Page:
Montreal restaurateurs say they don't understand why the provincial government is ordering their businesses to close even though there have been no COVID-19 outbreaks tied to the city's famed restaurant industry.
On Monday, authorities moved Montreal and Quebec City to the highest COVID-19 alert level, banning private indoor gatherings and shutting bars, cinemas and restaurant dining rooms for 28 days.
Restaurant owners say they've been treated unfairly.
"We did everything by the book, everything right," said Martin Juneau, owner of Pastaga, a well-known restaurant in Montreal's Little Italy.
Like many restaurateurs, Juneau installed dividers between tables and gave staff additional training to avoid COVID-19 transmission.
Some restaurant owners have spent thousands of dollars on barriers and personal protective equipment, Martin Vezina, spokesman for Quebec's restaurateur association, said Tuesday.
He said the members of his organization are "in shock" after hearing for days from provincial officials who said that private gatherings – and not restaurants – were the major source of rising COVID-19 cases in Quebec.
There have been no reported outbreaks and no reports of COVID-19 transmission from staff to clients in Montreal restaurants, the city’s public health director, Dr. Mylene Drouin, told reporters Tuesday.
Michael Lafaille opened a second location of his restaurant, Kwizinn, three weeks ago, an expansion that was delayed for months by the pandemic.
"We had to work overnight, long hours," he said. "It feels like it's a waste of time."
Despite working hard and playing by the rules, he feels restaurants aren't being treated as real businesses by the government.
Because his restaurant's second location is new, it won't qualify for existing rent support programs which are based on income in previous years, he said. And while takeout and delivery will help, online delivery services charge high fees that can make it hard to turn a profit, he added.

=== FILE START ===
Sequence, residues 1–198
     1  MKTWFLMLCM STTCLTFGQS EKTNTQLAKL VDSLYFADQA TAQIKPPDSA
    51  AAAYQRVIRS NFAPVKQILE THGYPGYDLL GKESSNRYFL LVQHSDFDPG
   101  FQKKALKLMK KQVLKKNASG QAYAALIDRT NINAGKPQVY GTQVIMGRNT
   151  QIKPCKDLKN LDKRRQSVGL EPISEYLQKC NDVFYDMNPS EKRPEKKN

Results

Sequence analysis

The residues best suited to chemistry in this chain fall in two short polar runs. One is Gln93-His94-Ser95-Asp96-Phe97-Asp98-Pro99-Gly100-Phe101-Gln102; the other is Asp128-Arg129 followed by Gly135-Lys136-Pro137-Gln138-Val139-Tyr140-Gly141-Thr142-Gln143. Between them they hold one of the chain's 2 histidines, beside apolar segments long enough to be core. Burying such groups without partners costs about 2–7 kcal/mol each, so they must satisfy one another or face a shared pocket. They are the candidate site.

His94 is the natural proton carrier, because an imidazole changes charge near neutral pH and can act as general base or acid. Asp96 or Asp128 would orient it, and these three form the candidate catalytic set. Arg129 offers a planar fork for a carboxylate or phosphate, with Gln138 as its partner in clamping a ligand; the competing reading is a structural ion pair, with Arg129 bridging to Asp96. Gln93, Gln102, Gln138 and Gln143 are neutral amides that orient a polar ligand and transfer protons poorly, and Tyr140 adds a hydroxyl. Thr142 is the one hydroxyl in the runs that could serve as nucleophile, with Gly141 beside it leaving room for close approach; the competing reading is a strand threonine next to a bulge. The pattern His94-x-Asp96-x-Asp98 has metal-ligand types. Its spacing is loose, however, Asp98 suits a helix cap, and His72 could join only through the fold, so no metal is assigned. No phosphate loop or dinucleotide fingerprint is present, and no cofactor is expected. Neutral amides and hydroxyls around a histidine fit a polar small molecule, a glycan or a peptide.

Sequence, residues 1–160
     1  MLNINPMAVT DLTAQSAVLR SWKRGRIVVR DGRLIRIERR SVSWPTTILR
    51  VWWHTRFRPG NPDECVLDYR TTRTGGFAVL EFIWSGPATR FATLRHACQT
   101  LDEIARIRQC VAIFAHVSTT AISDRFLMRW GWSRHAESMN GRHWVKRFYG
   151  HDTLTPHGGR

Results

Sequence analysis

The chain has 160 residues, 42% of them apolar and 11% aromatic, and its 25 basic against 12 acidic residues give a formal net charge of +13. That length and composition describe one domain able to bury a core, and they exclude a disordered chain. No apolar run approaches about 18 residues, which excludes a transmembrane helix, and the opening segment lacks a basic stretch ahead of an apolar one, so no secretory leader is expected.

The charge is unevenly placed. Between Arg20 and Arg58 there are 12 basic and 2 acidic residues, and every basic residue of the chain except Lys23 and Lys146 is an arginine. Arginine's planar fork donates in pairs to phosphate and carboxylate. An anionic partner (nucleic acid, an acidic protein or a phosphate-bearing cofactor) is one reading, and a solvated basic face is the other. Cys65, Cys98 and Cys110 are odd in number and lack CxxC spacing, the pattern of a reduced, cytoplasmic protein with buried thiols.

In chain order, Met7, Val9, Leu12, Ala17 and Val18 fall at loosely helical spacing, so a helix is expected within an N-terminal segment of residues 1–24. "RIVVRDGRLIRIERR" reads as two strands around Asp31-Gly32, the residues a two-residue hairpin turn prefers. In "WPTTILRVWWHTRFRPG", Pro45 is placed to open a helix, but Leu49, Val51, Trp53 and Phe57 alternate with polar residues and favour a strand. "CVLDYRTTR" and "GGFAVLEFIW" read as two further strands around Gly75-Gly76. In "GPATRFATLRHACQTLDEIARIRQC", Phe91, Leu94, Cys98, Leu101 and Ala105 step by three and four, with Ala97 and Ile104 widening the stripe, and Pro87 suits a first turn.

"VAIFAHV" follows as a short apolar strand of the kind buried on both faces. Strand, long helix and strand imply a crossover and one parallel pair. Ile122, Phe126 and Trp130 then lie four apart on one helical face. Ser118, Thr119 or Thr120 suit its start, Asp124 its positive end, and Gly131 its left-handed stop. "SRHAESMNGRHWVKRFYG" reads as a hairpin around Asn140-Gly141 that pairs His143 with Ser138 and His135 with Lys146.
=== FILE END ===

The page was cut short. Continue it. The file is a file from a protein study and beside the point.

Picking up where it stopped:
Genevieve Touchette, general manager of Le Central, said some of the 22 restaurants in her downtown Montreal food hall aren’t set up for takeout and delivery. Her business depends on downtown foot traffic and with concert halls ordered to close, she said an already bad situation will get worse.
Touchette said she doesn’t understand how closing a controlled environment – especially a large one such as the 20,000 square-foot Le Central – is supposed to help break the second wave.
Juneau said that while he expects Pastaga to survive the shutdown, some of his other businesses – a small grocery store, a wine bar and an ice cream shop – may not.
In a July survey of 580 members of the restaurateurs' association, 61 per cent said they would go out of business within six months if their outlook didn't improve, Vezina said. "Now the situation has changed for the worse."
Many restaurants have bought food they likely won’t be able to use, Vezina explained. His organization is calling on the government to compensate restaurants for those losses, and to help with cash flow and rent.
For restaurant workers, there are also fears.
Shawn Barr, who works in the kitchen at O’Thym, a fine dining restaurant in Montreal’s Gay Village, said he expects his hours to be greatly reduced.
While he’s not worried in the short-term, he said he is afraid of what could happen later on. “Even though I have faith we will survive, our fate rests in the hands of our customers."
This report by The Canadian Press was first published Sept. 29, 2020.
This story was produced with the financial assistance of the Facebook and Canadian Press News Fellowship.
Jacob Serebrin, The Canadian Press
Note to readers: This is a corrected story. A previous version misspelled the first name of Shawn Barr